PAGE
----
Would it be a cliché to say that I always wanted to be a writer?
I guess it would be, and it would also be a lie. I didn’t always, no. I thought about being a teacher, a professor, a business woman, an au pair, a housewife with a dozen kids.
But somewhere, in the background, I also imagined owning my shop where I’d sell hand made blankets and toys, crocheted relentlessly and with abandon. I dreamed of seeing my name in print in a magazine, or on the cover of a book, while also being scared of being known.
It’s hard to imagine having a job where you have to make a name for yourself, while being hopelessly introverted. Being scared of recognition and attention while craving acknowledgement.
But I do believe that there are opportunities to be creative, even at work, without requiring the recognition from others. Indeed, at times creativity might well need to be hidden for it to work its magic.
Besides the obvious, I do think that there is space for ordinary creativity in the mundane. Working with people suffering from a variety of mental disorders, I have been proud to come up with ideas to placate an anxious person, things to say to redirect someone during a panic attack, refocus a full blown paranoid episode. Talking about random stuff I could see, something I noticed on their jacket, or their favourite artist does work. Coming up with an activity in the middle of an incident that takes their mind off their upset can be helpful. Other times, all it takes is to listen. To be there. Sure, maybe it’s not textbook, maybe I should have said this, reacted differently, or ignored the comment and turned the discussion to something else. But sometimes, I felt they needed an outlet, and I was willing to be there. Sometimes, I should have been more assertive. Sometimes, walking down the street with an extremely anxious and confused girl, I kept her going by asking about her nephews, knowing that if I stopped being upbeat and bubbly, she’d snap, and I’d end up being slapped in the middle of the road. Other times, things slipped out of my hand and I did get slapped, twice, because the green man took too long to come at the pedestrian crossing.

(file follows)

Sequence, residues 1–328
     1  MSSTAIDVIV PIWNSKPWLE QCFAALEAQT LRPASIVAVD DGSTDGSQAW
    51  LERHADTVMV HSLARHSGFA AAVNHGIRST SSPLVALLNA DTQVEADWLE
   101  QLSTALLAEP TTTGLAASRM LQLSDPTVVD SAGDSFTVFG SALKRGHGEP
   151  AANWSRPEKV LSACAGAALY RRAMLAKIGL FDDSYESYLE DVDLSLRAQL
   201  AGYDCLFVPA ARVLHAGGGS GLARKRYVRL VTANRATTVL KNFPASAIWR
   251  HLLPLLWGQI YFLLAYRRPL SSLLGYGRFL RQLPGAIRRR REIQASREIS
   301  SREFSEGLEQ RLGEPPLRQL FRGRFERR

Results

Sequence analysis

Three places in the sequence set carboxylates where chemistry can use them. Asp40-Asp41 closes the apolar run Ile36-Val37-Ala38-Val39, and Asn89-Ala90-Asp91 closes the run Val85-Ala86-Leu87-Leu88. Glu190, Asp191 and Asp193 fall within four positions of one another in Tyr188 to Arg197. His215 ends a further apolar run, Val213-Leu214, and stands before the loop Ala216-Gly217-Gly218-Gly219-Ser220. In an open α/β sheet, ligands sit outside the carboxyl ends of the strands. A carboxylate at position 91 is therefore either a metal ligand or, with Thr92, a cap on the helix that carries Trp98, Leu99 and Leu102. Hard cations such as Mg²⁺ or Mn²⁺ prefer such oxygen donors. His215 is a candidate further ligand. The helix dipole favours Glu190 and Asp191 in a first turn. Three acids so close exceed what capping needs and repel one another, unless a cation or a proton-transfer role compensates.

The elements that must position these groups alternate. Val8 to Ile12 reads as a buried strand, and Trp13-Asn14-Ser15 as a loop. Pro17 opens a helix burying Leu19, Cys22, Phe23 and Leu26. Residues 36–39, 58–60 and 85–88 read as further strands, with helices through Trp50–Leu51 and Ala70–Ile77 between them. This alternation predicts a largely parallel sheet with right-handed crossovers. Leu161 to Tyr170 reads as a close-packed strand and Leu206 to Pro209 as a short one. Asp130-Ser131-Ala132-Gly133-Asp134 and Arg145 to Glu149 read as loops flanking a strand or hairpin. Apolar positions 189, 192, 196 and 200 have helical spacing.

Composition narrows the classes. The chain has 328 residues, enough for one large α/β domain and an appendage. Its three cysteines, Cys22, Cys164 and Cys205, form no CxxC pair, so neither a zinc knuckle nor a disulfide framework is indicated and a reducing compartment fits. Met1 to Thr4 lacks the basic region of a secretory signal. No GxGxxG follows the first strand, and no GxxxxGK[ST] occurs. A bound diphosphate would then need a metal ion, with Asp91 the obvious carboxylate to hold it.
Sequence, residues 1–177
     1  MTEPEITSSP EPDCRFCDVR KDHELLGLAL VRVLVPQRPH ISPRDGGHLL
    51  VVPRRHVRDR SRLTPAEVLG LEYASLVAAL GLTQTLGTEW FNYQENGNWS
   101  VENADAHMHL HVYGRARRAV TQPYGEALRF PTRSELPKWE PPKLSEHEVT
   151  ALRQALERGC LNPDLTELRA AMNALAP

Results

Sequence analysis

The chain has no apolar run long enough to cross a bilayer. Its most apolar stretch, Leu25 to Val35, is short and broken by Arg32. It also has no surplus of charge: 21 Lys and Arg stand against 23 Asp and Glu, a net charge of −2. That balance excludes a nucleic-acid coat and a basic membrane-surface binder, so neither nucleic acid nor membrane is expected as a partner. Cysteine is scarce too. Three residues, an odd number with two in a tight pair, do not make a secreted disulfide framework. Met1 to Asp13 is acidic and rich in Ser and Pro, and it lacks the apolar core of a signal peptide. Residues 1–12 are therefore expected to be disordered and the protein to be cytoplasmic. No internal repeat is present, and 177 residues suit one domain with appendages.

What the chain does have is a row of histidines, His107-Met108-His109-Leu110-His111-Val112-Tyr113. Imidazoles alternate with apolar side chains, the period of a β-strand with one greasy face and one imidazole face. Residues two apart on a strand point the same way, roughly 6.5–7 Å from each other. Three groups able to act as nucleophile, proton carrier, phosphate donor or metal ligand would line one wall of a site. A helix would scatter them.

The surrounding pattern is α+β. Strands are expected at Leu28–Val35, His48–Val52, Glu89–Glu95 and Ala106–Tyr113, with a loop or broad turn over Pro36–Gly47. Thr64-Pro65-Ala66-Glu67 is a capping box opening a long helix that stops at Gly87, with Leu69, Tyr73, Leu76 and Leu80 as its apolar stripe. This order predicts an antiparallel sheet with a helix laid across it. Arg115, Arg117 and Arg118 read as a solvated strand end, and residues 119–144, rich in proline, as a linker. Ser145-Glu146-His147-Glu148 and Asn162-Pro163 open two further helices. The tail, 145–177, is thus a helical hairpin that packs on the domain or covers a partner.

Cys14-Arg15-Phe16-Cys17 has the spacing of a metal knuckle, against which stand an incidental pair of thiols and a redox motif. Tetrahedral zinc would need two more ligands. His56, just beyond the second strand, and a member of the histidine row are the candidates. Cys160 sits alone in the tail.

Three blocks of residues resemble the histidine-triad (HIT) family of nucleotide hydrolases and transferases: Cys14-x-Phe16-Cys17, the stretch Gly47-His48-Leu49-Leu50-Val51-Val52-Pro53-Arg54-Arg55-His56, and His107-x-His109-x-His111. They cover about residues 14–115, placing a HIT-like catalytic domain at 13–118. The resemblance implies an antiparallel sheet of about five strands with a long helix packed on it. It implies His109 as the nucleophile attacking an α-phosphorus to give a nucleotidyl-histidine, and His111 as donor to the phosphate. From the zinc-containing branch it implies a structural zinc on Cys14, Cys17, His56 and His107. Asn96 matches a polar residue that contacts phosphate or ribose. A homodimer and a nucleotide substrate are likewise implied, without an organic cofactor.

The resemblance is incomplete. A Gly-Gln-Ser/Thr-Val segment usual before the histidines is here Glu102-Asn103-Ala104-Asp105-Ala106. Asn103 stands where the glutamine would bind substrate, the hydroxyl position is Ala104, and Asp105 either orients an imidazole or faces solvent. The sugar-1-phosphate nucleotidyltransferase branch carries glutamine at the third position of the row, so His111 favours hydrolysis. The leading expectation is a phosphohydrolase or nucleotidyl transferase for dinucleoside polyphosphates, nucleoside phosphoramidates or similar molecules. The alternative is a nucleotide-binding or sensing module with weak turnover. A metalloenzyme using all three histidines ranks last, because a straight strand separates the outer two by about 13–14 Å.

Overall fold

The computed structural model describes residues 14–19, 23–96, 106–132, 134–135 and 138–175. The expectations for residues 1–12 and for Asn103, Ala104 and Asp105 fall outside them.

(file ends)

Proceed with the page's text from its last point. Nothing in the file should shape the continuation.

Working with people who may not have the attention span and patience that most people are used to, I had to be innovative, patient, and go with the flow. Being asked the same question a hundred times and hour may sound like a thing from the movies, but it is the thing of reality, and if the answer comes different than it did a minute ago, I might have just set myself up for dealing with an anxiety attack. If you are out in the community with someone who doesn’t understand the concept of ‘wait’, it becomes imperative that you can come up with things to say and do in the doctor’s waiting room.
It may not be the same creativity as Michelangelo’s David required, but it does need a certain street wise attitude, a quick thinking on your feet skill and a huge amount of confidence to pull it off. Many times I thought, shit, I have never been here before, I don’t know these streets, I don’t know which way to go. At the same time, I kept going, my voice strong, my feet unfaltering, knowing that if I started to doubt myself, so would person in my charge, and I was there be their rock, not to add further confusion. Maybe there’s a shorter way, but hey, I just discovered a new route to the pharmacy – surely that’s a cool thing!
Creativity comes in countless shapes and forms, and should be celebrated in its variety. Being able to recognise the many little nuances and opportunities for creative self expression, even if only in retrospect, can give huge sense of achievement and fulfilment. At least, that’s what I keep telling myself.